The stylistic markers of McCooey’s poetry are here, especially the quiet domestic tone and the preference for second person pronouns over first. But the issue touched on – what objects would you choose to accompany you into the afterlife if you were blessed (or cursed) by a religion that made that possible – is a fascinating one. On a comparative cultural level we know that at various periods and in various cultures people have taken slaves, horses, food, jewellery, weapons, pet dogs and a host of other items. It’s rather like the question of what one would save if one’s house suddenly erupted in flames: although it seems a simple issue it uncovers immense complexities of personal and cultural values. And, as the later poems documenting more of McCooey’s experience will make plain, this afterlife that the poem concludes with, will be life after recovery from the heart attack. It’s odd to think that an Egyptian pharaoh, met in the Egyptian equivalent of paradise, would have seen his decline and (probably painful) death as we might see a successfully recovered-from heart attack. “Habit”, like other poems in this book, is also marked by that sensitivity to harmonies and resonances that marks out this kind of poetry. I used to think of this as a method of accretion whereby a central theme attracts to itself images and, more significantly, entire events. It makes a poem unified and structurally strong while, at the same time, widening out its significances. An example here is the mention of the homely fact that the son’s bath towel is made out of Egyptian cotton. It’s a potent and oblique introduction to the poems of illness and threatened death, and has a decidedly sinister reference to the god Anubis, “presider of the weighing of the heart”.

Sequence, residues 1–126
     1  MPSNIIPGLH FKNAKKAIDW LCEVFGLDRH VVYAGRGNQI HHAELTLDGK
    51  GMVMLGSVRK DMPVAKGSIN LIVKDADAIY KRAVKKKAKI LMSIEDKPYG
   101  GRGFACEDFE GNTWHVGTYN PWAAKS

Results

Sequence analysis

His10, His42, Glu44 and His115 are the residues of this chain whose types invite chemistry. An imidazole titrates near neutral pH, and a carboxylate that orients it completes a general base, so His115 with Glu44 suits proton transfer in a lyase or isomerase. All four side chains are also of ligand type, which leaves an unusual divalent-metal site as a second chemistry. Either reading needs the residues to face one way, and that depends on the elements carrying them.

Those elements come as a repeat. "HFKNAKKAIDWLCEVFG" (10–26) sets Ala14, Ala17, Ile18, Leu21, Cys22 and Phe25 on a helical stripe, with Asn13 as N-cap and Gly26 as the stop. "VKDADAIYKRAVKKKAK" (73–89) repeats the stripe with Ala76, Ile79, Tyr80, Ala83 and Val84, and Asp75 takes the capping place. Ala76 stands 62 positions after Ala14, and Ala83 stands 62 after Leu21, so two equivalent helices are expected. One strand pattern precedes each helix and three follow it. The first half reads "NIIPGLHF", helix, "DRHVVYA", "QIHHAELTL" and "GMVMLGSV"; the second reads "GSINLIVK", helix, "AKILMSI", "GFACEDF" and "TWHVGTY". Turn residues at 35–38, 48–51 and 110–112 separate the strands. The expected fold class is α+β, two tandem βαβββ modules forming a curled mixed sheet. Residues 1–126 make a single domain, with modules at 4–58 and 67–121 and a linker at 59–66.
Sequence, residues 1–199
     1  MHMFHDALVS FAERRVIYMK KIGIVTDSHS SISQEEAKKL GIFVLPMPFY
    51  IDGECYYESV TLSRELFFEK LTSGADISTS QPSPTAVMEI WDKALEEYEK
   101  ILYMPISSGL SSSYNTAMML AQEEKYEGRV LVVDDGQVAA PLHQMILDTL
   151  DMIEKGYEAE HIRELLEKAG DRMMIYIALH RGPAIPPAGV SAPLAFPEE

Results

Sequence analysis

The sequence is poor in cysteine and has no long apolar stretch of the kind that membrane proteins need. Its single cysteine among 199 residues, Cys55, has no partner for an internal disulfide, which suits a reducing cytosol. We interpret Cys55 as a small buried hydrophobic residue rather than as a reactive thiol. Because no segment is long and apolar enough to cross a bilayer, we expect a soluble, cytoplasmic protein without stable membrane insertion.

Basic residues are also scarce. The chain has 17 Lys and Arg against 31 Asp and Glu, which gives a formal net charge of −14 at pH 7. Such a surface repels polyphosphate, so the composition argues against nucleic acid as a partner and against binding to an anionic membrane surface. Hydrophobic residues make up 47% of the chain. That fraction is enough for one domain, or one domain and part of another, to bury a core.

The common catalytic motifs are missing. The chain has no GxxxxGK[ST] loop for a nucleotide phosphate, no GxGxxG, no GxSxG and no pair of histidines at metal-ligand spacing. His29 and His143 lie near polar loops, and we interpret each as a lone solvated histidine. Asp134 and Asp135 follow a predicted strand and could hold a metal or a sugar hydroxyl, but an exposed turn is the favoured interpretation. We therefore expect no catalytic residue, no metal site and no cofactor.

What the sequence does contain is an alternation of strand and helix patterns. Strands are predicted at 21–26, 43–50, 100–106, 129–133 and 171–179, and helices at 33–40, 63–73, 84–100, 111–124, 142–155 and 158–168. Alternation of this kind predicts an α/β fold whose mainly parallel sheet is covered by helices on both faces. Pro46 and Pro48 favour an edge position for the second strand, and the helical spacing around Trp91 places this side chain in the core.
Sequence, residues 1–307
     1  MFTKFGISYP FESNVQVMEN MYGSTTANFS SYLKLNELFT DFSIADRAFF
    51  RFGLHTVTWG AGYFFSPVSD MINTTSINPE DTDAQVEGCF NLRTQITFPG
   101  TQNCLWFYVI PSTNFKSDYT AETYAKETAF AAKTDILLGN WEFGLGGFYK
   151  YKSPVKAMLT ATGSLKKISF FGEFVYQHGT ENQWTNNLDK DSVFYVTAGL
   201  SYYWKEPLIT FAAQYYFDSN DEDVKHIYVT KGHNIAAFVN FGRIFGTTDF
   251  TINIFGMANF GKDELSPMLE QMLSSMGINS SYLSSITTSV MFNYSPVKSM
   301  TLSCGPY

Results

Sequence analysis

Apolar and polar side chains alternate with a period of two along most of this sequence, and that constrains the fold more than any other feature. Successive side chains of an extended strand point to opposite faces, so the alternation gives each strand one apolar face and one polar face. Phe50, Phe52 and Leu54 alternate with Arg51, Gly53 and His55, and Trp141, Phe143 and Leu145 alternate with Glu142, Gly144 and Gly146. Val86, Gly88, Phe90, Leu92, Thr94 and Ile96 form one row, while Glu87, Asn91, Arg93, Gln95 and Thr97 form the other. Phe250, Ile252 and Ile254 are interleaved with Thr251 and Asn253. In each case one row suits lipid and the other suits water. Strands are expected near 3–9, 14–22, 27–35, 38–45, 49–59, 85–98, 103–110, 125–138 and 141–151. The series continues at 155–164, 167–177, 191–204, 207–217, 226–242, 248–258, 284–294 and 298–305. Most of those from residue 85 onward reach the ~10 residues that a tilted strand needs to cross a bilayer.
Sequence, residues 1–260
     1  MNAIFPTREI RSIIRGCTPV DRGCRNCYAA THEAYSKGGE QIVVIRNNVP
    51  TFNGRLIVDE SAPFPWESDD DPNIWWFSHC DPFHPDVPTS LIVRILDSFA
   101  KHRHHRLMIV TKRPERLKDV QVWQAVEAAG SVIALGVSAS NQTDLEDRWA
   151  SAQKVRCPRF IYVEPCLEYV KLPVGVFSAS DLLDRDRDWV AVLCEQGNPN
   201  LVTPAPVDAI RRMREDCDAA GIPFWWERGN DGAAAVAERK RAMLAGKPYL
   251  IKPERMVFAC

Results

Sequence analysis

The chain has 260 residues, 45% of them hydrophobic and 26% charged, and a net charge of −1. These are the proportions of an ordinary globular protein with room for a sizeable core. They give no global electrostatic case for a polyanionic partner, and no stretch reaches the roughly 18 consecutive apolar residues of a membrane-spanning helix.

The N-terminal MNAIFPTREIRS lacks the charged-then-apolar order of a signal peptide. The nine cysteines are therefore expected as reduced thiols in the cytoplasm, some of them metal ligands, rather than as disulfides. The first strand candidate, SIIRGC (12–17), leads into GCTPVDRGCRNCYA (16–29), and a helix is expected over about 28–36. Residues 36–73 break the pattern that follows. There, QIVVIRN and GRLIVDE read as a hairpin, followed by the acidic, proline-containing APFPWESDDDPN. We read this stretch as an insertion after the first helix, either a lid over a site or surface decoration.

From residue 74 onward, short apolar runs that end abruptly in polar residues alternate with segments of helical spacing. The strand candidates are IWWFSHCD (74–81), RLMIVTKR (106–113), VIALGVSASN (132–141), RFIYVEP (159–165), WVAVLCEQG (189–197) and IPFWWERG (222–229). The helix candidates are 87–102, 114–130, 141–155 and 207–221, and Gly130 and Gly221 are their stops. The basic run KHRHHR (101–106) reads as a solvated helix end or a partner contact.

As for the other “cardiac” poems, they are, as one would expect, habitually oblique. In fact you feel that the extreme experience, in McCooey’s case, heightens existing responses rather than wrenching him off track into a completely new dimension. McCooey’s poetry is always highly sensitive to ambient sound for example. One of the first poems of his first book, Blister Pack, is “Signal-to-Noise Ratio” which begins, “The refrigerator keeps in time with cool darkness. / A video records, though the screen is blank. / Even the stereo cannot be silent”, documenting the almost inaudible but nevertheless present sounds of the world expressing itself, perhaps even the background hum of the universe itself. In the cardiac ward poems of this new book, there seems a similar sensitivity to the background noises of the hospital. “Music for Hospitals” is a clear documentation of this:
i) Sunday morning. The sound of church bells; a patient answers her phone. ii) Nurses recalibrating equipment: “Four, five, six become seven, eight, nine . . . . .